Miami is a city where Spanish is dominant over English today and its own population might not have anticipated how this linguistic phenomenon would impact future generations. In my experience, there is still a divide meaning some Spanish speakers only speak Spanish, some speak a little English but clearly are more comfortable in Spanish, some speak Spanglish and some of the first generation speak little to no Spanish at all.

https://www.univision.com/noticias/latinos/miami-donde-mas-espanol-se-habla-en-estados-unidos

My experience in Miami over years though is quite different. I don’t get any Spanglish spoken to me at all. It is pure Spanish all the time wherever I go and good quality. My friends tell me- ‘it is because you speak very well so people pick up on that’. I don’t know but I think it is a fascinating dynamic and I will continue to observe how Spanish is spoken in Miami with such a mixed group of Spanish speakers.


I hope to find some more information to add to the thread.


-MP.
 
D

Derfish

Guest
I got hung up on the word appointment being used instead of their word cita. My lady was told que ella tenia hacer un appointment to see the doctor. I had to intervene so she knew what was being said.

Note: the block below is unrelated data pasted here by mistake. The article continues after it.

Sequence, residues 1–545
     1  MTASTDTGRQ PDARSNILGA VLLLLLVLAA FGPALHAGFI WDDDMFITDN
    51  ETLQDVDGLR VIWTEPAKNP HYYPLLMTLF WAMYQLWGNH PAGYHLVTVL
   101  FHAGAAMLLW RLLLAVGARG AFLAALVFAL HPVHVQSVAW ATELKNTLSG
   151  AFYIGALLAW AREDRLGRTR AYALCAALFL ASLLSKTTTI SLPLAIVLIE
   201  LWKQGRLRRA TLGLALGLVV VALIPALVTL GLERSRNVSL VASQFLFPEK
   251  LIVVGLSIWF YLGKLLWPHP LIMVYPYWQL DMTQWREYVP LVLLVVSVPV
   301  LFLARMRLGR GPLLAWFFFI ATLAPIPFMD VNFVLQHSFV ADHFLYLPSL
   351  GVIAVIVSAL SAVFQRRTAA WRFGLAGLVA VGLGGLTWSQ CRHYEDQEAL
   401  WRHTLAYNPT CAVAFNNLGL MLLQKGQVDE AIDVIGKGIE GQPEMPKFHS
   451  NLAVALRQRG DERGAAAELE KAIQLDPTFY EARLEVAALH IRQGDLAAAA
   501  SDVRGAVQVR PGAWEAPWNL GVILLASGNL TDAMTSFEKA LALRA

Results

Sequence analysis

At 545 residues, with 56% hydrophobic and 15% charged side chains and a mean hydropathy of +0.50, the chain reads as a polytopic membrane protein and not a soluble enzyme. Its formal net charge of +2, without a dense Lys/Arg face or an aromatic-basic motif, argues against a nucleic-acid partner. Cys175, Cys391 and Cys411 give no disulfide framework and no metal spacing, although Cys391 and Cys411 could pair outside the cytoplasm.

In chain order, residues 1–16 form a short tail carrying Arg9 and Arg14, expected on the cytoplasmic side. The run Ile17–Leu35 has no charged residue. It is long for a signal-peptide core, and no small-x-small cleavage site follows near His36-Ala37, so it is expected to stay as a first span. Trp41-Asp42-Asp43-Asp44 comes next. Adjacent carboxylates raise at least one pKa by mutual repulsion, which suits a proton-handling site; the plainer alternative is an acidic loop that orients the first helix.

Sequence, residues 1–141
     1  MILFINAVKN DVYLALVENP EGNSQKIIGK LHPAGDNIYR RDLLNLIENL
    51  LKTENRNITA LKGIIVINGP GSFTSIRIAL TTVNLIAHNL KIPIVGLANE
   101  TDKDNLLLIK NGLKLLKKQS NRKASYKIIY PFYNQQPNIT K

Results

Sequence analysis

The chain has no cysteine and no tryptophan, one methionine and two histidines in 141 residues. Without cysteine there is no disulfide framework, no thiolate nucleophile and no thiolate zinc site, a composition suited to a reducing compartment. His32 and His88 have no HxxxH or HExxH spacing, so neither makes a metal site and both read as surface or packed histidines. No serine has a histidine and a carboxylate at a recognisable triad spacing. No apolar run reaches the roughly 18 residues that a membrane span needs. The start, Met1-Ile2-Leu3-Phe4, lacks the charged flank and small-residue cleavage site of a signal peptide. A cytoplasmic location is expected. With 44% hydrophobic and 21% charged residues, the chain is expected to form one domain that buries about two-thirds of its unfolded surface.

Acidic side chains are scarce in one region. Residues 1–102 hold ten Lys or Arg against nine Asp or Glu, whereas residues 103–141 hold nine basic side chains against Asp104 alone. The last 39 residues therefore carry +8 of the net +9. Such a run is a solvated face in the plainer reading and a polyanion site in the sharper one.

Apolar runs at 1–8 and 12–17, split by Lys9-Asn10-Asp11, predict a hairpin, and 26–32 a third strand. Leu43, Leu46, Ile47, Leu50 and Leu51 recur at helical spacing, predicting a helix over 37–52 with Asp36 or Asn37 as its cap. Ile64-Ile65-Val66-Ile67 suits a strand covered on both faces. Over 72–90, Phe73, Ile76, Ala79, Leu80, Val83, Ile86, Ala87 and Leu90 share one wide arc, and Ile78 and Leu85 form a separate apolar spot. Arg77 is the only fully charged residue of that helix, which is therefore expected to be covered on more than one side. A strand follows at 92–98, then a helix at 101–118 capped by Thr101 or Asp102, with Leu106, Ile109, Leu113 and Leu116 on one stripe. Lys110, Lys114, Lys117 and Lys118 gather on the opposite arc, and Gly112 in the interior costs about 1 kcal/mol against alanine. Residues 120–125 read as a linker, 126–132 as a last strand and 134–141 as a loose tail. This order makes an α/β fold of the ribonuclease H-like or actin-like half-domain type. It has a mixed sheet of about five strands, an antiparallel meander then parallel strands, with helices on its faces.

The Miami Herald at one point, when my kids were in school, and they are over 50 years old now, said that 60 per cent of the people in Miami spoke Spanish.
When we got Jimmy Carter's wave of Marielitos we were overwhelmed with illitertate persons. I was offfered a job working on the phone to see if I cou;d find jobs for many people out of state. But many who found work in Kansas or Ohio came back where the Spanish was within a couple of months.
DerFish
 
M

Marianopolita

Guest
I got hung up on the word appointment being used instead of their word cita. My lady was told que ella tenia hacer un appointment to see the doctor. I had to intervene so she knew what was being said.
The Miami Herald at one point, when my kids were in school, and they are over 50 years old now, said that 60 per cent of the people in Miami spoke Spanish.